It’s a normal sound I hear several times a day. My phone pinged with a text from a friend, but what came next took my breath away.
“I know you miss Parker and will always wonder. Sometimes my son makes me think of Parker, too. I think our boys would be best of buds. Love to you friend.”
My eyes became blurry, filled with tears, as I barely made it through the text. I grabbed a tissue and tried to blot my eyes, yet the tears wouldn’t stop.
My friend’s child was born just weeks after my triplets arrived. We were pregnant together, embracing the special time in our lives while we compared cravings and joked about which of my girls her son would eventually marry. But instead of celebrating our first post-pregnancy get together, my friend grieved with me over the loss of two of my children. Our sons never met each other; my boy passed away just a couple of weeks after her child was born. Our endless daydreams of what life would be like raising children the same age disappeared that summer.
I often wonder what my son would be like. I see other children in my daughter’s school and quietly watch their personalities. Would my son be shy and reserved or would he be outgoing like his sister? Would he hold my hand as we walk through a store or would he be embarrassed by my hugs and coddling?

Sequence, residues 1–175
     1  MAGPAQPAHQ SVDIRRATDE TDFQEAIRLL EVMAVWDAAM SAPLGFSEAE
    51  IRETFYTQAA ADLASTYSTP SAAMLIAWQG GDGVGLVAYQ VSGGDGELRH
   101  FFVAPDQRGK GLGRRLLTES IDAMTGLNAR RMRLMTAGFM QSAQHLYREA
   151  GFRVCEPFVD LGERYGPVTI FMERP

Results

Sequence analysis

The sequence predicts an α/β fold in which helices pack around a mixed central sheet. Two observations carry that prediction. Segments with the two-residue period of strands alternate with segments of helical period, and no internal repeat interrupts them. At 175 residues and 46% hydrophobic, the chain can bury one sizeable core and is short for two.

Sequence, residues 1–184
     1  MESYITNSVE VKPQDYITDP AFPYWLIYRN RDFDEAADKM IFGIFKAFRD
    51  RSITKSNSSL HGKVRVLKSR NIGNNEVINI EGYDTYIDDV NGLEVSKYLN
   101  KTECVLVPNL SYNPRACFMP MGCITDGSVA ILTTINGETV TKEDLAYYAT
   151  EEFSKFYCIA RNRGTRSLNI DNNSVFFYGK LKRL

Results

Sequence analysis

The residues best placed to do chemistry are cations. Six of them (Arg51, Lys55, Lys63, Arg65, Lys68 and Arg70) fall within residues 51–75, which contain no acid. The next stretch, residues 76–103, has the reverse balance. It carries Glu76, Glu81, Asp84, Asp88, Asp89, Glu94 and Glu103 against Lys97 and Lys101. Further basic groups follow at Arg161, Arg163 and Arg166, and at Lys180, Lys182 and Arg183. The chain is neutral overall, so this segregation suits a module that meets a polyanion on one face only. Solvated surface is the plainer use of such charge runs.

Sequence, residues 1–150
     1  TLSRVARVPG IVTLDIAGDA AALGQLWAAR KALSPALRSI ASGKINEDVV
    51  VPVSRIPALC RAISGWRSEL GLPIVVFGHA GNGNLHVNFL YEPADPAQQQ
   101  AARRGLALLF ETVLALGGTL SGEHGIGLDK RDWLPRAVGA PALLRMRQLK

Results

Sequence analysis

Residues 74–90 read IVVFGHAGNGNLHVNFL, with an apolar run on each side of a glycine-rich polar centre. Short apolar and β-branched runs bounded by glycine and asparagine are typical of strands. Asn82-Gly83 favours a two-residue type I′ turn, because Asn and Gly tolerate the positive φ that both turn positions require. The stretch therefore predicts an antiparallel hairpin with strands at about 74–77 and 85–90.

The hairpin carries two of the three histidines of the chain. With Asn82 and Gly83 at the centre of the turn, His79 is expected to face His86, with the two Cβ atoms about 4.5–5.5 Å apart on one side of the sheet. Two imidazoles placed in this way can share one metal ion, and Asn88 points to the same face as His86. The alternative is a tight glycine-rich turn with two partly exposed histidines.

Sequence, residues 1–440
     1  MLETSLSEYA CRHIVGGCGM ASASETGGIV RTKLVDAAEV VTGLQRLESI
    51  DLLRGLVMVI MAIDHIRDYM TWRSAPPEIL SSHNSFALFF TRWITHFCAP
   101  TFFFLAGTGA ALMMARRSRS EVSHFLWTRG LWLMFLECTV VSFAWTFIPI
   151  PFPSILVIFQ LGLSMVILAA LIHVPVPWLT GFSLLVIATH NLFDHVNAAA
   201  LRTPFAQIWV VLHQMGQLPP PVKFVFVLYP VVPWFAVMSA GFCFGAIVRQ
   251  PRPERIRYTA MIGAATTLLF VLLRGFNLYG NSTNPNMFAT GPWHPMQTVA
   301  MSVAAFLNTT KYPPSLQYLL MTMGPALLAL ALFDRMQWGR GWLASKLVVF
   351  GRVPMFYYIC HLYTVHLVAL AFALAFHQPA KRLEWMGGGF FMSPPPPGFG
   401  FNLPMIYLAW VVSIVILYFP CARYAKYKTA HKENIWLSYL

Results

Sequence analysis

It’s been nearly five years since my triplets entered this world and I think about my son and daughter in heaven every single day. While there are days that feel like life is at a standstill, the world around me keeps on moving. The strangers I meet assume my daughter is an “only child”. And sometimes it’s easier to leave it that way, rather than face the awkward moments following the mention of children and death.
All night I thought of that text. And each time I looked at it, the tears emerged. As I lay in bed, I imagined my son playing with his friends. I pictured Parker building giant towers and giggling as his friend knocked it down. I smiled as I thought of my little blondie roughhousing like boys tend to do. And I thought of my friend and her comment. Yes, I think our boys would be best of buds.
As I glanced at the text this morning, I smiled through the tears. I may not hear their names as often these days, but my children will never be forgotten, and my friend reminded me of that at a time when I needed it the most.